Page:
“I’m Paul Barlow, and this is my daughter Jo.”

“Malone.”

“You got a first name?”

“Yeah.”

Posts Tagged ‘slashers’

Malevolence 3: Killer

Thursday, October 18th, 2018

(I’m not gonna count this as a Slasher Search since it’s a new movie I had been anticipating, but it’s the completion of a trilogy that I reviewed the first two-thirds of in Slasher Search 2012)

Years ago there was this weird pill junkie guy I knew who obsessive-compulsively watched stacks of crappy murder mystery movies that nobody even around here ever heard of, and he kept telling me there was this amazing horror movie called MALEVOLENCE (2003). I had to know what it was this guy was so obsessed with, but as expected it was kind of cheap and ugly. “But it has its moments. I like what it’s going for I guess” raves Outlawvern.com.

When I was looking it up on IMDb to write a review I noticed that writer-director Stevan Mena made another movie in 2010 called BEREAVEMENT that had some of the same character names. Turned out it was a prequel.

And to my surprise I really liked it! It’s got little in the way of originality, and it’s more nihilistic than I generally prefer, but with a bigger budget and more experienced cast he was able to make a creepy, atmospheric, character-driven riff on TEXAS CHAIN SAW MASSACRE type material. (And then his great heroine Alexandra Daddario got to star in the officially licensed but not as good TEXAS CHAINSAW 3D. “Do your thing, cous’!”) (read the rest of this shit…)

VERN has been reviewing movies since 1999 and is the author of the books SEAGALOGY: A STUDY OF THE ASS-KICKING FILMS OF STEVEN SEAGAL, YIPPEE KI-YAY MOVIEGOER!: WRITINGS ON BRUCE WILLIS, BADASS CINEMA AND OTHER IMPORTANT TOPICS and NIKETOWN: A NOVEL. His horror-action novel WORM ON A HOOK will arrive later this year.

Silent Rage

Tuesday, October 16th, 2018

I don’t consider myself a Chuck Norris fan, but I love INVASION USA and obviously he’s in my favorite Bruce Lee movie WAY OF THE DRAGON and okay, LONE WOLF McQUADE is pretty good and I have to admit I enjoyed DELTA FORCE 2 and also the first MISSING IN ACTION is kinda stupid fun so okay, maybe I like some of his movies, big deal, I could stop at any time.

I watched SILENT RAGE because Panos Cosmatos mentioned it on Shock Waves as a rare example of action-horror. Obviously that’s a hybrid genre that has some appeal to me because it’s my two favorite types of movies combined into one super-movie (and because it’s what I’m trying to do in that next novel I’m perpetually on the verge of finishing).

The highlight of SILENT RAGE is definitely the opening, a long, boiling-over-pot of a sequence that reminds me of the deft camera mastery of HALLOWEEN‘s opening and the stand-alone intensity of SCREAM‘s. It’s just about this guy John Kirby (Brian Libby, ACTION JACKSON, THE MIST) at home in Dallas one random day and the kids are running around causing havoc and the wife is sniping at them and nobody’s paying any attention to him but us as he is sweaty and shaking, talking to his doctor on the phone, vaguely asking for help. Then he says “I’m not gonna make it,” hangs up and stumbles to the chicken coop out back. We stay inside watching out the window and the family is still completely oblivious to anything being wrong as he returns with an ax. (read the rest of this shit…)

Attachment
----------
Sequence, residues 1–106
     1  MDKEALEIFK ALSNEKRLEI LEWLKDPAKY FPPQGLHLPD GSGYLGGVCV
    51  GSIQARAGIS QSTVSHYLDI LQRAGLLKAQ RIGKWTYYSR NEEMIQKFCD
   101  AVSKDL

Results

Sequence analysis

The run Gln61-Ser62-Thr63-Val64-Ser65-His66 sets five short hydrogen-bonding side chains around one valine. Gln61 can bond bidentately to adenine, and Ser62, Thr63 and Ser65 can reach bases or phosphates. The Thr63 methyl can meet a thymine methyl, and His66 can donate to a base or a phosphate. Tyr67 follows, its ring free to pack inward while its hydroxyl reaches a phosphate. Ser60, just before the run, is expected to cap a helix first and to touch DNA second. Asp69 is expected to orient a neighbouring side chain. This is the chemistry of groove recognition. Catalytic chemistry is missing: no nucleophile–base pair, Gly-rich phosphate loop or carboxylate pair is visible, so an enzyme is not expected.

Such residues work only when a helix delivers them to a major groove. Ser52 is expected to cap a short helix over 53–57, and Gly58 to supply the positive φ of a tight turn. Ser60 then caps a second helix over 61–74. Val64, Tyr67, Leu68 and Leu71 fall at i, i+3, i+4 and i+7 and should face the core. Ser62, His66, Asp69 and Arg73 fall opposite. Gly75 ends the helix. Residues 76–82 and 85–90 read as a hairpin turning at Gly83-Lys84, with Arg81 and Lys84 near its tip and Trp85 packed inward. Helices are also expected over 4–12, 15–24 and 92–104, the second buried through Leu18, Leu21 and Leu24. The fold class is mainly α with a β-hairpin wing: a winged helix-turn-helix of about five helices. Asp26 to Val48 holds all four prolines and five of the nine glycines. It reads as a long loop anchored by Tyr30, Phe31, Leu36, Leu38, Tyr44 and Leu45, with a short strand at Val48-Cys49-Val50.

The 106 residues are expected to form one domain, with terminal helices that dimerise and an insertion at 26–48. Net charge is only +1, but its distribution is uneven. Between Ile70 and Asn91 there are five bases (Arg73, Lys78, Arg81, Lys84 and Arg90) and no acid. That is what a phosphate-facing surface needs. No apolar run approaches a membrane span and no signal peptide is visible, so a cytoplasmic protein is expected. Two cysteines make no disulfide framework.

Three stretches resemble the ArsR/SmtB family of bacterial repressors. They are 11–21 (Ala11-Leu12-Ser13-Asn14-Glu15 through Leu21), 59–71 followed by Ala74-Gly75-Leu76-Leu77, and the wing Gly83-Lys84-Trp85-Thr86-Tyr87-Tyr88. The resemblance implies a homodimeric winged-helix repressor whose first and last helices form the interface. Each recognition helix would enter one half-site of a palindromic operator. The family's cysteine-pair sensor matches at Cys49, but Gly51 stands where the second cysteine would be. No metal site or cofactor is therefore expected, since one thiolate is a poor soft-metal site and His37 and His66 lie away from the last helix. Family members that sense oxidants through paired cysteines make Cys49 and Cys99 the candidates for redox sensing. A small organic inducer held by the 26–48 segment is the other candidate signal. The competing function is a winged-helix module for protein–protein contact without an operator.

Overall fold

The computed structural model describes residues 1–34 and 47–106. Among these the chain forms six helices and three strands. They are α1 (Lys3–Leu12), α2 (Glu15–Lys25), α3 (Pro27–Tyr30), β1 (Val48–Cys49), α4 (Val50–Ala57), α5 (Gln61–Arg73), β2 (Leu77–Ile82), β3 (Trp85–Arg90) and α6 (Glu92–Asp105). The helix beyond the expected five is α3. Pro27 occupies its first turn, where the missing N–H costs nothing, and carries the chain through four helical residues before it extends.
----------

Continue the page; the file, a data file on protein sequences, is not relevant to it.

VERN has been reviewing movies since 1999 and is the author of the books SEAGALOGY: A STUDY OF THE ASS-KICKING FILMS OF STEVEN SEAGAL, YIPPEE KI-YAY MOVIEGOER!: WRITINGS ON BRUCE WILLIS, BADASS CINEMA AND OTHER IMPORTANT TOPICS and NIKETOWN: A NOVEL. His horror-action novel WORM ON A HOOK will arrive later this year.

Hell Fest

Monday, October 8th, 2018

HELL FEST is a mainstream horror movie released on 2,297 screens by Lionsgate, but I never saw a trailer for it and only heard of it because Brian Collins recommended it on Twitter (he also interviewed the director). So I guess social media can still work for good old fashioned word of mouth, not just Russian disinformation campaigns.

For people who like horror but get bored of formula and cliche, this is probly nothing special. But for horror fans like me who enjoy variations on tradition, it’s a surprise treat: a slick, well-made straight-ahead slasher movie with some cool ideas, production value, a solid cast, even likable characters. I honestly thought they couldn’t make movies like this anymore – it seems straight from the post-SCREAM slasher revival, except without any meta stuff (other than we’re having fun being scared while the characters are having fun being scared). Also, no big names in the cast. The only face I recognized besides cameo-ing Tony Todd was Bex Taylor-Klaus from Scream: The TV Series. (But maybe others would be known to me if I was younger.) (read the rest of this shit…)

VERN has been reviewing movies since 1999 and is the author of the books SEAGALOGY: A STUDY OF THE ASS-KICKING FILMS OF STEVEN SEAGAL, YIPPEE KI-YAY MOVIEGOER!: WRITINGS ON BRUCE WILLIS, BADASS CINEMA AND OTHER IMPORTANT TOPICS and NIKETOWN: A NOVEL. His horror-action novel WORM ON A HOOK will arrive later this year.

Prom Night (2008 remake), + closing thoughts on the PROM NIGHT series

Tuesday, June 5th, 2018

At a glance the PROM NIGHT of 2008 doesn’t seem like a remake at all, but more of a re-use of the title. It doesn’t take any major elements of the original or its unrelated sequels – there’s no children’s game turned deadly, no principal’s son or masked killer or prom queen burned alive and back as a ghost or evil priest, no Hamilton High or Brock Simpson or even ambiguity about which North American country it takes place in (it’s in Bridgeport, Oregon, though filmed mostly in L.A.). It does take place on prom night, though, so I totally get why they wanted that title.